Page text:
As Bob Dylan said, "don't criticize what you can't understand." Do you think Bill O'Reilly has ever heard a single song by Ludacris? Have any of his viewers who called Pepsi to compain ever listened to rap in their lives? I'd rate the likelihood of either of those at somewhere between "probably not" and "not fucking likely."
ANOTHER DAY, ANOTHER KIDNAPPING: Anyone who's been watching the news at all this summer can tell you that it seems like more little girls are getting kidnapped and/or killed than ever before. Seems like every day there's another girl (and the occasional boy) missing somewhere in the country, and each cable news channel spends hours of programming following every single little facet of the case.
Only the truth is, just like last summer's "spate" of shark attacks, there aren't really any more kidnappings happening this year than any other year. What's really going on is that it's a slow news summer, as the War on Terror is no longer producing major news every day, the attack on Iraq is still months away, there's no one story with anywhere near the intrigue of last summer's Chandra Levy case.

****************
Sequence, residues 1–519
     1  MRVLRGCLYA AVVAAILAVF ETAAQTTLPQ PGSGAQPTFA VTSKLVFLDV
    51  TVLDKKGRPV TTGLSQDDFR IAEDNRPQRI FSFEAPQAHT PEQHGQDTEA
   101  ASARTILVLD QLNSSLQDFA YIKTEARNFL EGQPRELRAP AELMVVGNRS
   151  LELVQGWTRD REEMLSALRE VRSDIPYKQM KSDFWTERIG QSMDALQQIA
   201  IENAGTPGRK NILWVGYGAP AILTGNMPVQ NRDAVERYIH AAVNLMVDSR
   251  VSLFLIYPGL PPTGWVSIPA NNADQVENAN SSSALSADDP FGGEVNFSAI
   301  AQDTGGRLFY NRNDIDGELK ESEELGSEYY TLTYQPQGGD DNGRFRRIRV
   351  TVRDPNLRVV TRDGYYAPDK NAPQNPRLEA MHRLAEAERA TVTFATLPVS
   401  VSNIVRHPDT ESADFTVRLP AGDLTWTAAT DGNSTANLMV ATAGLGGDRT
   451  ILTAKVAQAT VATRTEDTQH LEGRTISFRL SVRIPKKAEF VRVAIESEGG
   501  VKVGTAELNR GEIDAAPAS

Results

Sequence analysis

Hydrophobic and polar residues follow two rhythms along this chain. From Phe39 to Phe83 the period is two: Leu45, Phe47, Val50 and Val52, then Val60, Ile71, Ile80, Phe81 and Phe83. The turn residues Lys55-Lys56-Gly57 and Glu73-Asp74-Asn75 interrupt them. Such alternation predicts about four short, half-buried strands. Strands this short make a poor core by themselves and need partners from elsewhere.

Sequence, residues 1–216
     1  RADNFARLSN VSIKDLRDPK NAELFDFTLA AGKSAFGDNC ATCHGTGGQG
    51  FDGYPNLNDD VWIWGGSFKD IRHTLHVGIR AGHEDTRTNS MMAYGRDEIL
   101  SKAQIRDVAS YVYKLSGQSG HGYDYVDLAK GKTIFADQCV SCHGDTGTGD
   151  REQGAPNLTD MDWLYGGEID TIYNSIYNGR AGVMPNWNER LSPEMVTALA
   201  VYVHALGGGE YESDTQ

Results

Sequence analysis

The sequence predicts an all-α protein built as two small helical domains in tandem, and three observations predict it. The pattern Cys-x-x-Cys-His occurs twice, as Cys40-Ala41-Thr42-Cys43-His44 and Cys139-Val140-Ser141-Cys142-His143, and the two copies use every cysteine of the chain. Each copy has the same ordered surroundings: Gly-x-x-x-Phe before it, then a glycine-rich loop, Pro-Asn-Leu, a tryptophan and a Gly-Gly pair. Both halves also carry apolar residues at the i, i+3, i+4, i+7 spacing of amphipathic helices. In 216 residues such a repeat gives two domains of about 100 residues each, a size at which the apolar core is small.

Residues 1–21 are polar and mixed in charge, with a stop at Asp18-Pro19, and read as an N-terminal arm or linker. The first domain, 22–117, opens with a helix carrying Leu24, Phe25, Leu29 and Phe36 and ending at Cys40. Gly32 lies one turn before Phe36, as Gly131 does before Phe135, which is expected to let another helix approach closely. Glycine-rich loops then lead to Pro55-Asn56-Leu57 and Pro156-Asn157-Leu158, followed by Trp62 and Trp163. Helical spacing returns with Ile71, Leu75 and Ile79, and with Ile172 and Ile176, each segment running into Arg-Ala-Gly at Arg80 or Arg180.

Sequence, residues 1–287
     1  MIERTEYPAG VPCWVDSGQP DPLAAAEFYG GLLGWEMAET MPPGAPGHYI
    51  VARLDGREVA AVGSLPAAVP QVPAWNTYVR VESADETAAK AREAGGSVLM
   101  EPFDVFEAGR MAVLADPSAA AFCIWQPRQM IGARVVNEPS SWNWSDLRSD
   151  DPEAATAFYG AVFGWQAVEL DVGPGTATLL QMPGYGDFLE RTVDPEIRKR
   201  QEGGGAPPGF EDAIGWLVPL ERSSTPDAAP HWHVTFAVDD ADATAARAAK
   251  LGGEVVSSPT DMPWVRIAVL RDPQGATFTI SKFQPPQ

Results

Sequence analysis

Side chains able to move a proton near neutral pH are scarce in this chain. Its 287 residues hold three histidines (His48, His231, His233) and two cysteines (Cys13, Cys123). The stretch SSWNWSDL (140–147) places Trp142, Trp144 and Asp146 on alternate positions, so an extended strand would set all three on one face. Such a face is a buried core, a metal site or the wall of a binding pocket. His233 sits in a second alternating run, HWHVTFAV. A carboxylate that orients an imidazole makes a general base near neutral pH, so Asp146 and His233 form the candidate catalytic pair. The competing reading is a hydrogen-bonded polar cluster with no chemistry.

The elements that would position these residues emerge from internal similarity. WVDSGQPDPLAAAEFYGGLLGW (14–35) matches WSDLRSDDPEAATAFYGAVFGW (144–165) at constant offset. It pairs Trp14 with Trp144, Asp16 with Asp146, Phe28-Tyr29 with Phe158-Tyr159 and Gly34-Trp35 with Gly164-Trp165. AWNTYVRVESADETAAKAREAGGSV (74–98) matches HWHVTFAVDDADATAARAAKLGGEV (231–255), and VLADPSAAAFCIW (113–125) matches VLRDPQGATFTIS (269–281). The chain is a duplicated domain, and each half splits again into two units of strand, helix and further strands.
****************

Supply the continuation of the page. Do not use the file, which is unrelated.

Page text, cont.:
So the networks have all made the conscious decision to abandon their long-held policy of only following child kidnapping cases in which the child is white, female, blond, and beautiful, and has decided to begin covering cases involving victims of other demographic backgrounds as well. At the beginning of the summer the shameful coverage of the Elizabeth Smart case was a virtual repeat of that of the Jon-Benet Ramsey murder, in which the media more or less took for granted that the greatest tragedy was that the victim was so cute.
The bad publicity has led the newspeople to adjust their thinking in the matter, and the upshot of that is that awareness is spread about specific missing children, leading to a greater likelihood that they'll be found. Though it's not as though the networks are operating from any humanitarian perspective; in reality, kidnapped children = ratings!